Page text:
A. Veltri, P. Scarpellini, A. Piccinni, C. Conversano, C. Giacomelli, S. Bombardieri, L. Bazzichi, L. Dell'Osso
Dipartimento di Medicina Clinica e Sperimentale, University of Pisa, Italy. email@example.com
2012 Vol.30, N°6 ,Suppl.74 - PI 0136, PF 0142
Depression is a common comorbid condition in fibromyalgia (FM) and a major contributor to poor quality of life and disability. However, depression can be difficult to assess in patients with FM due to overlapping symptoms between the two conditions. This review aims to present the most used rating scales for depression in FM patients by discussing their potential drawbacks. Moreover, we aimed to discuss the possible approach to mood symptoms in FM patients according to the mood spectrum model.
We included the main scales that have been used previously to assess depression in FM according to the literature data. Then, we reviewed the studies exploring the prevalence and the impact of sub-threshold mood symptoms on FM patients.
Rating scales for depression such as the Hamilton Rating Scale for Depression, the Hospital Anxiety and Depression Scale, the Center for Epidemiologic Studies Depression Scale, the Beck Depression Inventory, the Montgomery Asberg Depression Rating Scale and the Zung Self-Rating Depression Scale have been largely used. However, almost all these instruments could suffer from a criterion contamination bias by somatic symptoms of chronic pain patients. Many studies have shown a critical role of sub-threshold mood psychopathology on worsening quality of life, disability and pain in FM patients. Specific questionnaires (Mood Spectrum Self-Report [MOODS-SR]) for subsyndromal phenomenology have been validated and used also in patients with medical diseases.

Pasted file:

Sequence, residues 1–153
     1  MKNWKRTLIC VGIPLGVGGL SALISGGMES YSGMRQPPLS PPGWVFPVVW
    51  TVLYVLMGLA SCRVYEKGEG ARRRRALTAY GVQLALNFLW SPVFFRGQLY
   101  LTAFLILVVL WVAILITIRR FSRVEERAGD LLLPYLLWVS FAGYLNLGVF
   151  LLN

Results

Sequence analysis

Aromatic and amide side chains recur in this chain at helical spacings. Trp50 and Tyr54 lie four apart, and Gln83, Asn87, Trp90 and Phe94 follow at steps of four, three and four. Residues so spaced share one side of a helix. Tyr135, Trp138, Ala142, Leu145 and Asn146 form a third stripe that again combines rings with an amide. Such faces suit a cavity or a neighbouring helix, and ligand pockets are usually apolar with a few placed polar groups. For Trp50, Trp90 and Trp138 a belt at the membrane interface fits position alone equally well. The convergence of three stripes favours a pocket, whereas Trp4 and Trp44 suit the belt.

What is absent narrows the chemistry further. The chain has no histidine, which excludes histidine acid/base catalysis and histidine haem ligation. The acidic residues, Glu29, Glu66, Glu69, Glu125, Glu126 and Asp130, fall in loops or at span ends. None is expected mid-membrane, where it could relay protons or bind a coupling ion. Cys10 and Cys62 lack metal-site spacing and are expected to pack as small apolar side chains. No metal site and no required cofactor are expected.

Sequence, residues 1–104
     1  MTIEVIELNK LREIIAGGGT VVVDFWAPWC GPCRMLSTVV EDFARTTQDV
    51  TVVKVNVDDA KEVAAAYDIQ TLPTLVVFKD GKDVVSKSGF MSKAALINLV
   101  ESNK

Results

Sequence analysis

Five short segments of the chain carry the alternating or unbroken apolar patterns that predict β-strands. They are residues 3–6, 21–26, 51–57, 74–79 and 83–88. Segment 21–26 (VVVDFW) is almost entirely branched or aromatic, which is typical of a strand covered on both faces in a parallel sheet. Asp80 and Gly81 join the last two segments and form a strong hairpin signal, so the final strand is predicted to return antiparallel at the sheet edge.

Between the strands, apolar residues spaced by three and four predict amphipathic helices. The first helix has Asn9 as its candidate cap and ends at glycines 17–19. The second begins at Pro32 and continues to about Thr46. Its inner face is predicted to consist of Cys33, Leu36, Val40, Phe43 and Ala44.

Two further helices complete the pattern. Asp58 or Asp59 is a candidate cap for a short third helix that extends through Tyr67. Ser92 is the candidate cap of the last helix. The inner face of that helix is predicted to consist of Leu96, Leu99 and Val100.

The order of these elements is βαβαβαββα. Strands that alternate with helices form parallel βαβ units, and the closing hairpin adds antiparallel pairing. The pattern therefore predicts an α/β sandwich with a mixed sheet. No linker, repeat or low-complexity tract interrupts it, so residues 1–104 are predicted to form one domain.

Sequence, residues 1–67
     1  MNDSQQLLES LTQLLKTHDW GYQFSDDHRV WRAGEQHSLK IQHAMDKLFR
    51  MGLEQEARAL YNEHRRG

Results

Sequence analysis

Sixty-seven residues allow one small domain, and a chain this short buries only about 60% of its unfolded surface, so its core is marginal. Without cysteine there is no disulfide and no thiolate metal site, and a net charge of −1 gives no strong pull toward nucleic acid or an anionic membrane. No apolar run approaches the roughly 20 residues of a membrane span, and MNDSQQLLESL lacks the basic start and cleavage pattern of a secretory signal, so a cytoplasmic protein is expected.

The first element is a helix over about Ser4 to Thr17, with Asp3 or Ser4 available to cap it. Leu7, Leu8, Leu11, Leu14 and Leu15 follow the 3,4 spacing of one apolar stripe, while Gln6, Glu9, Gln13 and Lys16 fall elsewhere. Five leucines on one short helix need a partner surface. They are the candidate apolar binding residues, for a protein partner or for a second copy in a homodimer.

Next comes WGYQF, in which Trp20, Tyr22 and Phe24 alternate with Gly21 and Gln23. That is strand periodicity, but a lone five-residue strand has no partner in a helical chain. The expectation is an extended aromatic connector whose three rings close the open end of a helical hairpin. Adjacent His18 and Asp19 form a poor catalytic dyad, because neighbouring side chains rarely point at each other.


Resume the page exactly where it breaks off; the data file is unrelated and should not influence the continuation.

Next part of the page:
The need of a careful screening of depressive symptoms and of their proper management is primary in FM. In our opinion instruments like MOODS-SR are particularly suitable for screening FM patients because they allow to recognise also sub-threshold mood symptoms with minimal contamination by somatic conditions.
PMID: 23261013 [PubMed]
Received: 03/11/2012 - Accepted : 20/11/2012 - In Press: 14/12/2012 - Published: 17/12/2012